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March Moods and Being Green

I've been reading a lot lately about the benefits of being outdoors. As a gardener and owner of a farm, I spend a portion of each day outside - whether I want to or not. The plants and animals need to be tended to, and so I bundle up in the winter and venture out. I am also inclined, in order to get some aerobic exercise, to walk in nearby woods, rather than on a treadmill or on the sidewalks down my street. During the time I spend outdoors, I find myself contemplating nature, organizing my thoughts and generally focusing on breathing in the greeness by which I find myself surrounded. I know I feel more at peace and content, as well as more alive.

So it was not much of a surprise, and more of an affirmation, to learn that there is now some scientific evidence showing that exposure to plants and nature provides a measure of benefits for stress-related ailments such as high anxiety and blood pressure. Time spent in green spaces also brings increased concentration and happiness.

According to an article in Nursery Management (Feb. 8, 2013), studies by Geoffrey Donovan of the Forest Service's Pacific Northwest Research Station, as well as others, have shown that mortality rates increase in areas where there is tree loss due to emerald ash borer. As trees can improve air quality, it is probable that the loss of trees can lead to cardiovascular and respiratory distress.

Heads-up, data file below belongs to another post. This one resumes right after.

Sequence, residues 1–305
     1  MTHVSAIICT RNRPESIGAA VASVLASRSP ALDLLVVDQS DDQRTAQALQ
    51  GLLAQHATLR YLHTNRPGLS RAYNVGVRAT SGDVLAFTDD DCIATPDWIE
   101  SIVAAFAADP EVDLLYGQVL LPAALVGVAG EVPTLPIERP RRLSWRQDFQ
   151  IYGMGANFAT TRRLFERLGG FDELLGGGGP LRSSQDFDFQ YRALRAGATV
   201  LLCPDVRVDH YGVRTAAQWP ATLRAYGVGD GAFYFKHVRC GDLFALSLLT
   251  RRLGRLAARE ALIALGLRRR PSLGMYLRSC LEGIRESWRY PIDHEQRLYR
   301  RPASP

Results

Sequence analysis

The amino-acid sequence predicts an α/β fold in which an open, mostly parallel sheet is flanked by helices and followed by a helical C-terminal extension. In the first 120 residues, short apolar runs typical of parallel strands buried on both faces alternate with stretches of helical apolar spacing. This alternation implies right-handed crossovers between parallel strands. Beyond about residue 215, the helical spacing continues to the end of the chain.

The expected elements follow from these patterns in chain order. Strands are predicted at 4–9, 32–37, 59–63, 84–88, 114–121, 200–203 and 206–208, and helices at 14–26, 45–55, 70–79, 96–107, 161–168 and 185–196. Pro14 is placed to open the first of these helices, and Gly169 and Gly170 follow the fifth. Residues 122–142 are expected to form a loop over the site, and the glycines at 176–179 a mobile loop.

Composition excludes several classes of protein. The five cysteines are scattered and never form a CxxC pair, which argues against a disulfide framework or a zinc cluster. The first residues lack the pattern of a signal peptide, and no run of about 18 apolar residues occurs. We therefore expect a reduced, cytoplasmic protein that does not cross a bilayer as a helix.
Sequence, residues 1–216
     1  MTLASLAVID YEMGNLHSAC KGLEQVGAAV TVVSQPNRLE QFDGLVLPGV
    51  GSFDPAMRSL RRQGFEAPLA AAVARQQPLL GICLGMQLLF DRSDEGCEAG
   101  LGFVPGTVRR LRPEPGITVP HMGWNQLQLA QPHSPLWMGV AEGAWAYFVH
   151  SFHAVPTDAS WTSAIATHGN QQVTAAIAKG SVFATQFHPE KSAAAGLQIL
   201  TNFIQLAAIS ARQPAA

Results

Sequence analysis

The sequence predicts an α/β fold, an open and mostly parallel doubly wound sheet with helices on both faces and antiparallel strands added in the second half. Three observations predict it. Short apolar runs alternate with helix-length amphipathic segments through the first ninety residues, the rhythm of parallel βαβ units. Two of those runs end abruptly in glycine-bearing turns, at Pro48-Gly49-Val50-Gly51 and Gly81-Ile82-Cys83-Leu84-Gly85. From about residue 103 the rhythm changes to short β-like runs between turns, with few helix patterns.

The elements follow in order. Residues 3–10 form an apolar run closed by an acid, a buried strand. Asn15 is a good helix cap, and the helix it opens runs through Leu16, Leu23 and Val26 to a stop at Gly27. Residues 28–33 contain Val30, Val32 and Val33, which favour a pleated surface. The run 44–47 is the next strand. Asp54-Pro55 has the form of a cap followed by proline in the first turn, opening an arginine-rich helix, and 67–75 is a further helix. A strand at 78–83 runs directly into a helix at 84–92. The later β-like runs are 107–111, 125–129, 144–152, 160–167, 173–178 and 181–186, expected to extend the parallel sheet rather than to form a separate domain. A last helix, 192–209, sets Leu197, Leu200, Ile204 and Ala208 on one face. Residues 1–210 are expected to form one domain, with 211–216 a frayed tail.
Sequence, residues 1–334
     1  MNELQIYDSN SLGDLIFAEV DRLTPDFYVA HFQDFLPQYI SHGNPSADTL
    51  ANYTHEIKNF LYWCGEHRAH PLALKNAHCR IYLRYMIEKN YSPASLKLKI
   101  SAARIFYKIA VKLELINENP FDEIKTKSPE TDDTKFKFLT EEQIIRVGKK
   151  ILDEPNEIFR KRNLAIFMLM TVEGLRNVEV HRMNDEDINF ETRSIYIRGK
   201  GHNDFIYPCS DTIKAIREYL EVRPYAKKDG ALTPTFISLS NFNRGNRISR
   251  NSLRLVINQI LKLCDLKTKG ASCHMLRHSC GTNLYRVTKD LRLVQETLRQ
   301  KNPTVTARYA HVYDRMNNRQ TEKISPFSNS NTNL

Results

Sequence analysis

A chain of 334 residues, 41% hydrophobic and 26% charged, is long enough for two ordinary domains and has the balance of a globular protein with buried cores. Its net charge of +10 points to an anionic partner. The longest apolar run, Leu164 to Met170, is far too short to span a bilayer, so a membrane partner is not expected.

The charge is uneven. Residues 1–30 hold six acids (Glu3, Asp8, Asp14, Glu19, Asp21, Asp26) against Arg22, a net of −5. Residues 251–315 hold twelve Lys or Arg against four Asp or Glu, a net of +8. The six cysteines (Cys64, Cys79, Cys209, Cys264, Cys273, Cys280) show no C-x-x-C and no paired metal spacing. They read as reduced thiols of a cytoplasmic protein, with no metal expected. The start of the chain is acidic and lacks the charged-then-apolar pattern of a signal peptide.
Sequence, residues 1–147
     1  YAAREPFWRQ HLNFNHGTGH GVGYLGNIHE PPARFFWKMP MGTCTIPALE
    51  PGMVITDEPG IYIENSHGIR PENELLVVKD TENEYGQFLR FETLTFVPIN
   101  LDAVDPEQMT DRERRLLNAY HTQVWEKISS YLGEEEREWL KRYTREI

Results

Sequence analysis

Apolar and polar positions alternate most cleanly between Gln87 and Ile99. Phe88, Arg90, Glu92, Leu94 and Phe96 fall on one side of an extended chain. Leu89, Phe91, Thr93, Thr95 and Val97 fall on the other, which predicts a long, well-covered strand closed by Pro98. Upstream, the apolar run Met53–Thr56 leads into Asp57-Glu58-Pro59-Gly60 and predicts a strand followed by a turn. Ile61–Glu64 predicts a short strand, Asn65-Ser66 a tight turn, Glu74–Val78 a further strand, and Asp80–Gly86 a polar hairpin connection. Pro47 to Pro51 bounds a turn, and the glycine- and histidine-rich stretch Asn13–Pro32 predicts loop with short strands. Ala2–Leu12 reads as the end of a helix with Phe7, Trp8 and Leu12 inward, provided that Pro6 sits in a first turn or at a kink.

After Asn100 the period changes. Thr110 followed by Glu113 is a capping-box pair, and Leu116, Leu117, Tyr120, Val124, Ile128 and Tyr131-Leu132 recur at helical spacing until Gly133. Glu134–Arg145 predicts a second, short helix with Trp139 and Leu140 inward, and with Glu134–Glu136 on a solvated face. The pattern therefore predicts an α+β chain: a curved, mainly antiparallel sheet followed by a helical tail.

The article also goes on to provide information from the University of Illinois at Urbana-Champaign on the calming effect for children with AD/HD symptoms. Performing activities in green spaces had a positive affect on children, reducing their symptoms and allowing them to function better than when exposed to non-green spaces.

A related article, Take Two Hours of Pine Forest and Call Me in the Morning, speaks of the research being done do prove the benefits of "going green". In Japan, a movement called shinrin-yoku - literally "forest bathing" - is now a standard treatment for stress related ailments. People from the crowded cities travel to parks to partake in activities designed to relieve the stress and anxiety of modern living - smelling, tasting and touching the green world. Researchers are proving that nature can be a true ally in combating the stresses of modern life, lowering blood pressure, relieving depression and even possbily preventing cancer. The 48 Forest Therapy Trails throughout Japan are being utilized by thousands with positive results.

Yoshifumi Miyazaki (University of Chiba) and Qing Li (Nippon Medical School) are using field tests, hormone analysis and brain-imaging technology to quantify what is happening physically and psychologically to those who wander the woods. They are proving the benefits of green space on human health and well-being, with results lasting even after you return home.

So, if you are planning a vacation, go to a natural area, one with lots of green space. Try to be outside at least one weekend a month. Visit a park or spend time in your garden. Being near the water is also of benefit. In the winter, get to a greenhouse at a nursery or botanic garden and inhale the scents of greenery and the damp soil. I know that being in my greenhouse, tending my seedlings, calms and centers me. Get a little dirt under your fingernails and cherish and protect the pockets of green in your neighborhood.

Stay green,


The information on this site is for informational purposes only. It is not meant to diagnose, treat, cure or prevent any disease, and has not been evaluated by the FDA. Green Woman's Garden | | 603-239-6733 |


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